2. Mary, daughter of James Duncan, a prominent Haverhill merchant, died on 31 Oct. 1777, aged 28 (Vital Records of Haverhill, Topsfield, Mass., 1910–1911, 2:387; George W. Chase, The History of Haverhill, Massachusetts, Haverhill, 1861, p. 452).

Docno: ADMS-04-02-02-0305

Author: Thaxter, John
Recipient: Adams, John
Date: 1778-01-10

John Thaxter to John Adams

[salute] Dear Sir

The morning after my arrival to this place, I waited on the President with your letter; upon reading of which, he informed me, that he did not think it in his power to give me the place which you so { 383 } kindly sollicited for me, but assured me he would use his Endeavours to procure some place for me.1 I then waited upon General Roberdeau and the Massachusetts Delegates, who gave me the same assurances. Mr. Lovell, who has been particularly friendly, advised me to write in the Secretary's Office for the present, till some other Employment could be found. In pursuance of his Advice, I have enter'd the Office, with an Allowance of fifty five Dollars pr. Month. Ten Dollars and better, I am obliged to give a Week for Board, besides paying a seperate Bill for washing. My board is cheaper than I could have expected from Mr. Lovell's Representation of matters; who says a Man must pay ten dollars for glancing at a Tavern, and ten or twelve Shillings a night for his horse's gnawing the Rack.—I am in great hopes something will turn up for me, in another department, or that my present allowance will be augmented; otherwise I must return home, as the present office will not support me.
Lord Cornwallis, it is said, was kill'd in an Action lately, in which the Marquiss de Fayette was engaged. The Report seems tolerably well founded. Dr. Rush says the following facts are well attested, viz., That an Officer was seen carried off the field, to a certain House—that about a fortnight after, a very elegant Coffin was carried to that House—that a most pompous funeral was made—and that the Officers of the Army wear black Crape on their Arms. The Doctor, however, is not positive. There is an Account also that his Lordship's baggage is on board the Vessel bound to England, but no Certainty of his being on board; it is said he is not.
Mr. Duchè is gone to England: very penitent, Dr. Rush says. The illiberal manner in which he has treated Congress and General Washington has excited some Emotions of Grief and penitence. This may be depended on.–Please to give my respects to Mrs. Adams and Love to the Children.

[salute] I am, Sir, your most obedient Servt.,

[signed] John Thaxter Junr.
RC (Adams Papers); endorsed: “Mr. thaxter”; docketed by CFA: “Jany. 10th. 1777.”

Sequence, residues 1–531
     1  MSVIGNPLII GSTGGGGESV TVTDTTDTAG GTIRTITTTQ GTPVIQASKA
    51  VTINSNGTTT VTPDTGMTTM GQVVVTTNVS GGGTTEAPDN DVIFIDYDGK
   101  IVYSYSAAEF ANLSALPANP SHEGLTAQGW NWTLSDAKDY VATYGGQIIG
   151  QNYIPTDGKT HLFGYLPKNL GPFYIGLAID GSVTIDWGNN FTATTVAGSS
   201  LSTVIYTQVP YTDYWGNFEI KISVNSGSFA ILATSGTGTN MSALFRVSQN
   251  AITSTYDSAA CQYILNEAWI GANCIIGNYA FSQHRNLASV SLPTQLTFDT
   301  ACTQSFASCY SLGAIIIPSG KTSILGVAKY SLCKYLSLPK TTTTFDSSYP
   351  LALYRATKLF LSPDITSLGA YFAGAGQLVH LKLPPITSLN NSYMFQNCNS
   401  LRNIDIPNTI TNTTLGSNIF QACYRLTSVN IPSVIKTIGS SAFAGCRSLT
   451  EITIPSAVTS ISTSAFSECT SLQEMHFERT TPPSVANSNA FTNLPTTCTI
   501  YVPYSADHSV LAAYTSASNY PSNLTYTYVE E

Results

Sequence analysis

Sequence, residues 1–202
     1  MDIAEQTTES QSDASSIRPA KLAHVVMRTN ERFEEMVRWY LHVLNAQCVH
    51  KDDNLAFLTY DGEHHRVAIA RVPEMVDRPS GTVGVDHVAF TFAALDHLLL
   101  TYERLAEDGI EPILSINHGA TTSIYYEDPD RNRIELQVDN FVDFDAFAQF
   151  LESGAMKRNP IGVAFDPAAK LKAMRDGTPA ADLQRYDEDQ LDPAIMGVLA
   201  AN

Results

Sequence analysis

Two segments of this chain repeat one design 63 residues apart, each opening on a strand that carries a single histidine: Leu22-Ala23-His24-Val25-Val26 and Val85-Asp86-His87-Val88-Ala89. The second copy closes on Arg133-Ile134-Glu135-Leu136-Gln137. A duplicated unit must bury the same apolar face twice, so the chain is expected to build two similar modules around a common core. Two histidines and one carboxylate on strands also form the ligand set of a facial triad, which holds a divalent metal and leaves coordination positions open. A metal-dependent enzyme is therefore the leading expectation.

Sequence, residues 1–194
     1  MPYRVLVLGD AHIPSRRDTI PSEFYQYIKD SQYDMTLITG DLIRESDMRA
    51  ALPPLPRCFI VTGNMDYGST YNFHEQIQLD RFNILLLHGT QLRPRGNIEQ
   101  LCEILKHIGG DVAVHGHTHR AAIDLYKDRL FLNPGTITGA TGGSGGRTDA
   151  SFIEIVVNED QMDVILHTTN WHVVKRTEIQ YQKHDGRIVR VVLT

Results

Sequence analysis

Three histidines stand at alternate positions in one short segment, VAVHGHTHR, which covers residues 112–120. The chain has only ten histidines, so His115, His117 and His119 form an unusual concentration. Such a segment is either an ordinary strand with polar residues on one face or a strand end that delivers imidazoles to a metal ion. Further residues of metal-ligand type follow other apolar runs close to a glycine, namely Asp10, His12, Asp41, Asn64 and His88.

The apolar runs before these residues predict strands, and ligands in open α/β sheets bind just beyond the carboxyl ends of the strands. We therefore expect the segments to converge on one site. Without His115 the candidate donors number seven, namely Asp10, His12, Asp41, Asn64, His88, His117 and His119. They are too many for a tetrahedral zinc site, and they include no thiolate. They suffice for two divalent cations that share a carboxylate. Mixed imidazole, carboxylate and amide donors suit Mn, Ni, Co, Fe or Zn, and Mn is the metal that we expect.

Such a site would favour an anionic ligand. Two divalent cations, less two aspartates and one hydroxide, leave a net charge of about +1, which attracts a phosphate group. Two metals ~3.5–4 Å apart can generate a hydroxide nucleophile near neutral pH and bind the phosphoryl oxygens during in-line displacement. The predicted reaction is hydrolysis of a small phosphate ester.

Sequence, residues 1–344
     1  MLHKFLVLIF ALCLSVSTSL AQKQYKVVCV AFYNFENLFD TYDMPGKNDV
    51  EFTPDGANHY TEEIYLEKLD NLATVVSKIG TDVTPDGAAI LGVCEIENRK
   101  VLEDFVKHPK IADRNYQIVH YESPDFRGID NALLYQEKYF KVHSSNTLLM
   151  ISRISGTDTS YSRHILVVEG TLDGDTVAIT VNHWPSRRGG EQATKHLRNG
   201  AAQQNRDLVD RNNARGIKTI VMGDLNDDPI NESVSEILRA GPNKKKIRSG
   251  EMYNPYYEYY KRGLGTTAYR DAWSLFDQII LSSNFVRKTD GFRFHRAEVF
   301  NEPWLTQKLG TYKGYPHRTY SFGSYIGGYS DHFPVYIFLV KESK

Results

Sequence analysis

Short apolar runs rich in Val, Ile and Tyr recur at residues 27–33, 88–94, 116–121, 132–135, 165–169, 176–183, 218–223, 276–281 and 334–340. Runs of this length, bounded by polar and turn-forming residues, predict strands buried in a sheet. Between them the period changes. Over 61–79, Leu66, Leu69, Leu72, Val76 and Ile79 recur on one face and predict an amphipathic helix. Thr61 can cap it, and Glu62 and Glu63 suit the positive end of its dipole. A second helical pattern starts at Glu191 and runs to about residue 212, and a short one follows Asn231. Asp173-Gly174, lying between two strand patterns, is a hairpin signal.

1. Thaxter had arrived at York after “a long, cold and tedious Journey of 16 days” from Hingham (Thaxter to John Thaxter Sr., 10 Jan. 1778, MHi: Thaxter Papers). He was armed with five letters of introduction from JA, all dated 9 Dec. and all found in Adams Papers, Lb/JA/1; they were directed to Pres. Henry Laurens, to three Massachusetts delegates (Dana, Gerry, and Lovell), and to Daniel Roberdeau; and they commended Thaxter's qualifications for a secretarial post in the office of the President or elsewhere. Laurens' reply (which is in his own hand, not that of a clerk) contains a paragraph sufficiently remarkable to be quoted here even though the full text will presumably be included in Series III of The Adams Papers:
“I desired that Young Gentleman to { 384 } call on me the Morning after he arrived intending to have conversed with him and to have aimed at some plan for procuring a suitable employment for him, but I found that by the Interest of his friends he had been introduced into the Secretary's Office. You may depend upon it Sir, if it shall hereafter be in my power, I will not fail to join those friends in order to give him a lift in proportion to his merit. For my own part long experience has convinced me that inaccuracy and confusion attend supernumerary Clerks in any Office. The duties of mine demand the Eye and hand of the principal and afford sufficient, oftentimes heavy employment for every moment between adjournments and Meetings of Congress, borrowing deeply of the Night and stirring very early every Morning but there is not half work enough for a Clerk who would have the whole day for the easy business of Copying which is all he ought to be entrusted with. I have a Young Man who serves me tolerably well in that branch and at intervals he finds other necessary work to do” (to JA, 15 Jan. 1778, Adams Papers).
Cite web page as: Founding Families: Digital Editions of the Papers of the Winthrops and the Adamses, ed.C. James Taylor. Boston: Massachusetts Historical Society, 2014.
http://www.masshist.org/apde2/